Wednesday, 26 December 2012

May you live in interesting times [Elite: Dangerous]


The Elite Dangerous kickstarter campaign is closing in on the £1 million mark (four fifths of the target) but with only 9 days to go there's still some question as to whether they will succeed. The video above was released a few days ago, and together with the concept art already on the site, really gives a feel for what Elite Dangerous will be trying to achieve in terms of epic atmosphere.

It's a relief to see evidence of such clear vision, when earlier in the campaign the team seemed to be more focussed on how good the clouds were going to look (impressive though that might be.) It's also encouraging to see profiles of team members and quick and reasonable answers to questions from backers. This campaign has suffered from a slow start - but in a way that's encouraging too, we're not backing a slick marketing job but a small company with genuine enthusiasm.

Interestingly, there's also a kind of meta-fundraising going on that I haven't seen before on KS. One of the KS pledges is the "writer's pack" - a £4,500 license to write a novel set in the Elite universe, with co-operation from the programming team who can add elements of the novel such as planets into the game. Amazingly it's working - several writers, such as Drew Wagar, have come forward and have started their own mini-Kickstarter or indiegogo campaigns, most have hit their targets and added their pledges to the main E:D campaign. The latest author to join the fray is BBC tech journalist Kate Russell - check out her Kickstarter page here.



The videogame market is alive and well. There's no shortage of casual jewel-matchers, FPS and MMO lookalike wargames, or quirky indie concept games. And sadly there's also no shortage of games with a magnifying glass on the cover. What's missing from the computer gaming world at the moment is the epic. And Elite: Dangerous is one project that just might produce one. Would you like to know more? Main Kickstarter page here. You can also read more on programmer Michael Brookes' blog, The Cult Of Me.

Saturday, 22 December 2012

Showreel 2012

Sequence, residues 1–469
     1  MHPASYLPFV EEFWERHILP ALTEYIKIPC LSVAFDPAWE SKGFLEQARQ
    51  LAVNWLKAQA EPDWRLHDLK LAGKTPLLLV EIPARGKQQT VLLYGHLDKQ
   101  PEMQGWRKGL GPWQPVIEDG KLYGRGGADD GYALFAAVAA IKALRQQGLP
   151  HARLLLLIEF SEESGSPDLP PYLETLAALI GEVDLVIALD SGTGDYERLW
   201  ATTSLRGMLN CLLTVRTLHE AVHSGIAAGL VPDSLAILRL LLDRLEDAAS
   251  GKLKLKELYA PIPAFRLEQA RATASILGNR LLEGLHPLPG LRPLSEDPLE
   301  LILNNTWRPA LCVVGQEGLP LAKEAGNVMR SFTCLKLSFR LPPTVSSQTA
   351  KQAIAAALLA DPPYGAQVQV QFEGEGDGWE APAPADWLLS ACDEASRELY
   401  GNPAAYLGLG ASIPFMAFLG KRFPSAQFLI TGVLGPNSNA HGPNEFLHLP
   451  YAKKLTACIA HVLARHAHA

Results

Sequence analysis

Models, scenes, effects, clips taken from the past 4 years, with modelling and animation in Cinema 4D and Blender. There are exciting plans for 2013...

Tuesday, 11 December 2012

The Reel Thing

"Soupremacy" screened at Showreel short film night on November 28th: finally I can claim to have had a film shown at the B.B.C.*

Highlights of an extremely entertaining programme included this "French" short "Magnifique!" (directed by James Pilkington)


and this most unusual music video starring Celia Imrie:

*(ahem) Balham Bowls Club

Wednesday, 5 December 2012

The First Cut Is The Deepest

Some reflections on editing together studio footage in Blender:

The visual sequence editor has always been one of Blender’s best features. There are plenty of free video editors that you can download, but very few are multi-track: essential here for cutting between multiple takes or camera viewpoints.

Thanks to an extensive upgrade the Blender interface is now only moderately impossible to use. It’s also more stable than ever before - but "stable" is a relative term, you should probably back up before and after each edit.

 New features such as adjustment strips and colour-balancing strip modifiers are sensible and make some post-production tasks easier. Overall Blender is up to the task of a complex edit but is still harder to tame than some of the professional packages.

Saturday, 1 December 2012

Santa meets John Stuart Mill

I like Santa. I like John Stuart Mill. But which is best? Two indie music videos made by talented Kino London regulars:


"What Did John Stuart Mill Say Again?" Butterflies On Strings
Directed by Emma Rozanski, DoP Jamie Kennearly


"Topsy Turvy Xmas" David Fisher featuring John Cooper Clarke
directed by Molly Brown

Wednesday, 28 November 2012

Right On Commander [Elite: Dangerous]

An update on the Elite: Dangerous Kickstarter campaign: the campaign now has more than 13,000 backers and £600,000 pledged. This is impressive but the Frontier team have set themselves an ambitious target of £1,250,000 - and that won't be easy to reach.